Appeals of Arbitration Awards by Agreement: Why They Should be Allowed - Dispute Resolution Journal - Vol. 58, No. 2
Richard Solomon is a labor arbitrator, mediator and fact-finder in Santa Barbara, California. He serves on the rosters of the Federal and California Mediation and Conciliation Boards, and on arbitrator panels for a number of large corporations. He began a career in ADR as a part-time labor arbitrator in 1984, while teaching employment law and ADR at Southwestern University Law School. He is also a former practicing lawyer. There has been considerable debate over the issue of whether parties should be able to contract for expanded judicial review, and the courts have reached contrary conclusions on the issue. Richard Solomon, after discussing the split opinions on both sides, explains why he believes that parties should be allowed to contract for expanded review by trial courts.
Originally from Dispute Resolution Journal
If parties to a commercial contract agree to arbitration and allow either party to appeal the arbitrator’s award on expanded grounds, should the trial and appellate courts honor that agreement and hear the appeal? At first blush, one might think that “yes” is the obvious answer, given the importance of party autonomy in arbitration. But the answer, it turns out, is a lot more complicated. The federal courts of appeal are split on this issue (indeed, most of the decisions have been 3-2)1 and at least one California appeals court has weighed in against permitting parties to contract for appellate review.2 Both Hans Smit and Prof. Andreas Lowenfeld have also weighed in against enforcing such agreements.3 This article examines the rationales on both sides of the issue but ultimately takes the pro-enforcement view. It also suggests how a drafter who wants to contract for expanded judicial review might go about it.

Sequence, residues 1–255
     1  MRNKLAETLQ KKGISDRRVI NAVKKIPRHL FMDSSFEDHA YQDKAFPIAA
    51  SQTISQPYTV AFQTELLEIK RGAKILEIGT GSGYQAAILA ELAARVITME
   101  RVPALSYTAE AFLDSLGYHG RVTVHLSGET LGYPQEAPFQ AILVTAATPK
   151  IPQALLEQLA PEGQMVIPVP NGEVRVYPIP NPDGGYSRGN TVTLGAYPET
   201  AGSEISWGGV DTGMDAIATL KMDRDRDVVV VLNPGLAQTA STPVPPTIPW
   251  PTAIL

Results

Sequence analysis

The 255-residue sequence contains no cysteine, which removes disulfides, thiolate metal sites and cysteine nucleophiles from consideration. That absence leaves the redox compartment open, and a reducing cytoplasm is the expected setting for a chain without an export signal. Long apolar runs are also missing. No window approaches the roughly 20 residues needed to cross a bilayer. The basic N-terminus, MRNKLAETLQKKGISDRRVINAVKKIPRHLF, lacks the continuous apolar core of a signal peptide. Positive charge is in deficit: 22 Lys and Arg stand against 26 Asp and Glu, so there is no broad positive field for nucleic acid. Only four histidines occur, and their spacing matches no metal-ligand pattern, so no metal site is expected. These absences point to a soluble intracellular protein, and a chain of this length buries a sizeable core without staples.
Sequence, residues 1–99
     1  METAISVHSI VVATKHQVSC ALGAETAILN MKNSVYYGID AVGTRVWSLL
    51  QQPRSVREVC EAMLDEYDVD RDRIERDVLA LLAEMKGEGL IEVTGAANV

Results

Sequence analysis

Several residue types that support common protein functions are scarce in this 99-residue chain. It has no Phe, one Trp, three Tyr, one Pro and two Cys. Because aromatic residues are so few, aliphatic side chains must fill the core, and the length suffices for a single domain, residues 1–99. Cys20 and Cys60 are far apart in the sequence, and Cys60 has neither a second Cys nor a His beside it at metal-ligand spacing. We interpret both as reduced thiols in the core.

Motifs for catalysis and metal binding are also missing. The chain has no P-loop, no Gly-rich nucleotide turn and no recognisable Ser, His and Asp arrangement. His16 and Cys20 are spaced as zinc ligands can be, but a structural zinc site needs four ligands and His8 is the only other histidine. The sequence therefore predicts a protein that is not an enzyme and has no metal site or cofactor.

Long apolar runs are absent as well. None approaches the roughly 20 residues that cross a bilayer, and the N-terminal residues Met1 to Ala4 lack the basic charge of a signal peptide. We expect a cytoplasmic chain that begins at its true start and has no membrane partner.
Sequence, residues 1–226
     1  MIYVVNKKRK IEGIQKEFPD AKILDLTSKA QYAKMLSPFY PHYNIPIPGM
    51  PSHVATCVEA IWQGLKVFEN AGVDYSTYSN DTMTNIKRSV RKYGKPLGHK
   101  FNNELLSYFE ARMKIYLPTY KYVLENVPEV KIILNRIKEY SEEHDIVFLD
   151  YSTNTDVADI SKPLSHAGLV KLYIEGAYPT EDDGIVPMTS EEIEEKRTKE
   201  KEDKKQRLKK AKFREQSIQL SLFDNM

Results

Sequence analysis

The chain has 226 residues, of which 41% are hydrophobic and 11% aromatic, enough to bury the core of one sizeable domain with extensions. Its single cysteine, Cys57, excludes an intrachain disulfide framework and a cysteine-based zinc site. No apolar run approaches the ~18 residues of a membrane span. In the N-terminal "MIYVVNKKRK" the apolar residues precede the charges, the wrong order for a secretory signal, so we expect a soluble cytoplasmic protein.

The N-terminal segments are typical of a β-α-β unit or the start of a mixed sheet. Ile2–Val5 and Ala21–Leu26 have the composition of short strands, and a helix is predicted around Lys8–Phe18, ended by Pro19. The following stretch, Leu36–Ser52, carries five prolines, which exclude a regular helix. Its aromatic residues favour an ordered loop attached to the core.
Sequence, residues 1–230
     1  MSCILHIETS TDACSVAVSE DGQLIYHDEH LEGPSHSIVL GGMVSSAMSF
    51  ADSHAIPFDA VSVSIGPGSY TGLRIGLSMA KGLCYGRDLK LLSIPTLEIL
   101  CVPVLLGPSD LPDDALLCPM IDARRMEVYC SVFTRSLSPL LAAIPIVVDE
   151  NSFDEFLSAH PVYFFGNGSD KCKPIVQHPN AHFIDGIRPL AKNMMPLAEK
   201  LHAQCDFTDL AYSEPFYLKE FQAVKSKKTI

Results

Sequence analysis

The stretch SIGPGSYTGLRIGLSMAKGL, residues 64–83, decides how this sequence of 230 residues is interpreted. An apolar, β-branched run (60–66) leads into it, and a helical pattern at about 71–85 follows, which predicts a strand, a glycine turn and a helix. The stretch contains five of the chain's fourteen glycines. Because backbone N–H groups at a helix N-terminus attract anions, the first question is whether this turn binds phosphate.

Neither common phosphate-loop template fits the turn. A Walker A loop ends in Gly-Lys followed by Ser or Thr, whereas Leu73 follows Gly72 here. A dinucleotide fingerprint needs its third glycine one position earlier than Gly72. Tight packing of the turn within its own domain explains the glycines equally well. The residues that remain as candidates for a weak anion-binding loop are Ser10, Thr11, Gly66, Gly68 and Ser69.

There are at least two good reasons to provide for an appeal of an arbitration award. First, arbitrators are human and, like judges, can make mistakes. Providing for broader appellate review provides a safeguard, especially in “public law” disputes (such as those involving federal statutes like the antitrust laws, the Racketeer Influenced and Corrupt Organizations Act, and civil rights statutes), where the reviewing court can not only correct an erroneous legal conclusion, it also can fulfill the traditional role of “interstitial lawmaking.”4 Allowing broader appellate review also might operate as an incentive for the arbitrator to write a bulletproof award.